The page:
Debris prompts space station crew to seek shelter

Irene Klotz, Reuters
March 25, 2012, 5:03 am

Nighttime view from the International Space Station shows the Atlantic coast of the United States in this NASA handout image dated February 6, 2012. REUTERS/NASA/Handout

CAPE CANAVERAL, Florida (Reuters) – A passing piece of potentially dangerous space debris forced astronauts at the International Space Station to temporarily seek refuge in escape ships early on Saturday, U.S. officials said.

The debris, a fragment from an old Russian satellite named Cosmos 2251 that smashed into an Iridium Communications spacecraft in 2009, passed harmlessly by the $100 billion orbital outpost at 2:38 a.m. EDT (0638 GMT), NASA said.

With enough advance notice, NASA will maneuver the space station, which orbits about 240 miles above the planet, to put more space between it and passing debris. The other option is for the station’s six crew members to shelter inside the two Soyuz capsules berthed at the station in case the outpost is struck and depressurizes.

“This was a very erratic piece of Cosmos 2251 debris and tracking it was very difficult,” NASA spokesman Michael Curie wrote in an email to Reuters.

“Its size and exact distance are unknown, and the crew sheltered in place as a highly-conservative, cautionary measure. The predicted miss distance prior to its passing was 11 to 14 kilometers (6.8 to 8.7 miles) in overall miss distance. But again, we do not know its exact distance at 2:38 am EDT, the time of closest approach,” he said.

It was the third time a crew has had to shelter in Soyuz spacecraft when debris was predicted to pass close to the space station, NASA said.

More than 20,000 pieces of man-made debris larger than a softball currently orbit Earth. Space junk travels at speeds of up to 17,500 mph, so even small pieces have enough energy to cause significant damage upon impact.

NASA says the greatest risk from debris comes from untrackable objects. The February 10, 2009, collision of the Russian and Iridium satellites added more than 2,000 pieces of trackable debris to the growing list of space junk. Two years earlier, China intentionally destroyed one of its defunct weather satellites to test a missile, generating more than 3,000 pieces of debris.

The U.S. military’s Space Surveillance Network tracks objects as small as two inches in diameter in orbits close to Earth, such as where the space station flies, and about one yard (.9 meter) in orbit in higher orbits.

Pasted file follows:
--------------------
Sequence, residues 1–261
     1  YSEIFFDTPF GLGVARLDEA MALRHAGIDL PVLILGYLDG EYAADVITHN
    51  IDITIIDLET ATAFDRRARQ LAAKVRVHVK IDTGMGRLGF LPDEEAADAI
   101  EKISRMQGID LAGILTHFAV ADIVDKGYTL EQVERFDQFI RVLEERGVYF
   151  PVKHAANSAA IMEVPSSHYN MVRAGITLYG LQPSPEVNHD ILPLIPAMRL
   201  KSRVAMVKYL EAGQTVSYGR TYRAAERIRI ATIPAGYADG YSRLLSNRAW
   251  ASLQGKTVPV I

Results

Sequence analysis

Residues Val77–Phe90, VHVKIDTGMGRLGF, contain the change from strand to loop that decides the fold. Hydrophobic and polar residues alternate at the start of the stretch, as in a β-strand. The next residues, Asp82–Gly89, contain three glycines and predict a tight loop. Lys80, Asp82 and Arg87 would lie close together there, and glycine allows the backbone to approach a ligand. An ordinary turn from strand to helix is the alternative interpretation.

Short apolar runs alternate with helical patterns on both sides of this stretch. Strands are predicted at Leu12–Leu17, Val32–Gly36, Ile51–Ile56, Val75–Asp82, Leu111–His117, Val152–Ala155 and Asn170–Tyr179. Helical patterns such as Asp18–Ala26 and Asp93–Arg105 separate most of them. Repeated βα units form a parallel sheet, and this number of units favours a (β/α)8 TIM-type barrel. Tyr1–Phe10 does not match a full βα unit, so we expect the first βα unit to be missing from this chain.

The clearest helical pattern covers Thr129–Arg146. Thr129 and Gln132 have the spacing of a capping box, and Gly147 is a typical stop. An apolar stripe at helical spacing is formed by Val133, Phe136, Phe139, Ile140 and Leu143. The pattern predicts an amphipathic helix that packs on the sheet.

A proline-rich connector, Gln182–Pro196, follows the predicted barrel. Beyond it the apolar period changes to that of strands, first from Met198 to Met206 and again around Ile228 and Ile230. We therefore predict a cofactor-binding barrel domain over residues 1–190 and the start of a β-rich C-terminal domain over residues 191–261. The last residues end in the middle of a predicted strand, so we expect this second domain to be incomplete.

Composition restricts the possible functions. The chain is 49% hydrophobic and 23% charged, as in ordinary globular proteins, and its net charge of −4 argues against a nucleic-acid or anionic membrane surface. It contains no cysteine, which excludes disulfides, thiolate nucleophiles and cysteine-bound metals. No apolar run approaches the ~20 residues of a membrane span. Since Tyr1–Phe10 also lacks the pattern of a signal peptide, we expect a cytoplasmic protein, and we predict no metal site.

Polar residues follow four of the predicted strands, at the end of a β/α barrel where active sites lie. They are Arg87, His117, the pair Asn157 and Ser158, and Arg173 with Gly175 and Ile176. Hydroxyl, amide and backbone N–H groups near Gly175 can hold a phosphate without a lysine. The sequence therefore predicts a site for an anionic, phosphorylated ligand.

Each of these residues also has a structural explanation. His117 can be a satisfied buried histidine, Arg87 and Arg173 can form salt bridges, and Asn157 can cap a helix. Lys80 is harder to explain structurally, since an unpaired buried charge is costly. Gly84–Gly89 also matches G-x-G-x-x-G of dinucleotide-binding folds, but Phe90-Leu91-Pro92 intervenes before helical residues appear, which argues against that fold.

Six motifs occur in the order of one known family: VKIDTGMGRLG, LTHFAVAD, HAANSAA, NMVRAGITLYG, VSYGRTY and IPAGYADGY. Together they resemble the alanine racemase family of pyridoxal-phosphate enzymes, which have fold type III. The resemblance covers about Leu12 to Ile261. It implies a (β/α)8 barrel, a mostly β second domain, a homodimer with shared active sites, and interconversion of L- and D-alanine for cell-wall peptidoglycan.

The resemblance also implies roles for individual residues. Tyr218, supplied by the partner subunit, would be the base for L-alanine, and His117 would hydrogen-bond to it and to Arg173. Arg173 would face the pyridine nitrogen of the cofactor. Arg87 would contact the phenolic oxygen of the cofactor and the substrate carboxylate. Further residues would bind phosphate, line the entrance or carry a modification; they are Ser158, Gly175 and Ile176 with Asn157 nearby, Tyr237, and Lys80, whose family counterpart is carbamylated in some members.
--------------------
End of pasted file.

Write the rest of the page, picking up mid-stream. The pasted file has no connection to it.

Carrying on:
(Editing by Paul Simao)

Debris prompts space station crew to seek shelter – Yahoo! New Zealand News.


How Would NASA & Russia Evacuate the International Space Station?

By Clara Moskowitz

updated 8/29/2011 4:19:18 PM ET

In the wake of a Russian rocket failure, NASA is considering evacuating the crew of the International Space Station later this year. The unprecedented move would mark the first time in more than 10 years that the orbiting outpost has gone unmanned.

The space station evacuation is one possibility following the failure of the unmanned Russian supply spacecraft just after its Aug. 24 launch — a surprise given the reliable track record of its workhorse Soyuz rocket. The vehicle’s Progress 44 cargo craft, and its 2.9 tons of supplies bound for the International Space Station, crashed in Siberia.

An investigation into the cause of the failure is under way, but until the issue is resolved NASA and its Russian partners are delaying upcoming launches to crews and cargo to the space station. The Soyuz rockets used to launch Progress vehicles are similar to ones used to launch crews into orbit, station managers said. [ Photos: Russia’s Lost Cargo Ship Progress 44 ]

So if a root cause isn’t found quickly, they may have to ground manned Soyuz rockets for the time being, forcing the space agencies to leave the $100 billion orbiting laboratory unmanned for the first time since 2001….

via How Would NASA & Russia Evacuate the International Space Station? – Technology & science – Space – –

International Space Station crew forced to evacuate

The six-member crew of the International Space Station were forced to evacuate to two Russian Soyuz evacuation capsules after spotting incoming debris that threatened to flatten the fragile craft

‘The space junk was detected too late for a ducking manoeuvre,’ the source told Interfax Photo: AFP

2:59PM BST 28 Jun 201167 Comments

The space junk missed the craft by 820ft, a Russian space industry source tolkd the Interfax news agency

"The space junk was detected too late for a ducking manoeuvre," the source told Interfax.

"The six ISS crew members received instructions to transfer to the Soyuz vehicles," the Russian source said.

An official at Russian space control outside Moscow said by telephone that such incidents had occurred on past occasions and did not represent an emergency.

"If this is true, they would be following the normal procedure for evacuating the station if necessary," the mission control spokesman said….

via International Space Station crew forced to evacuate – Telegraph.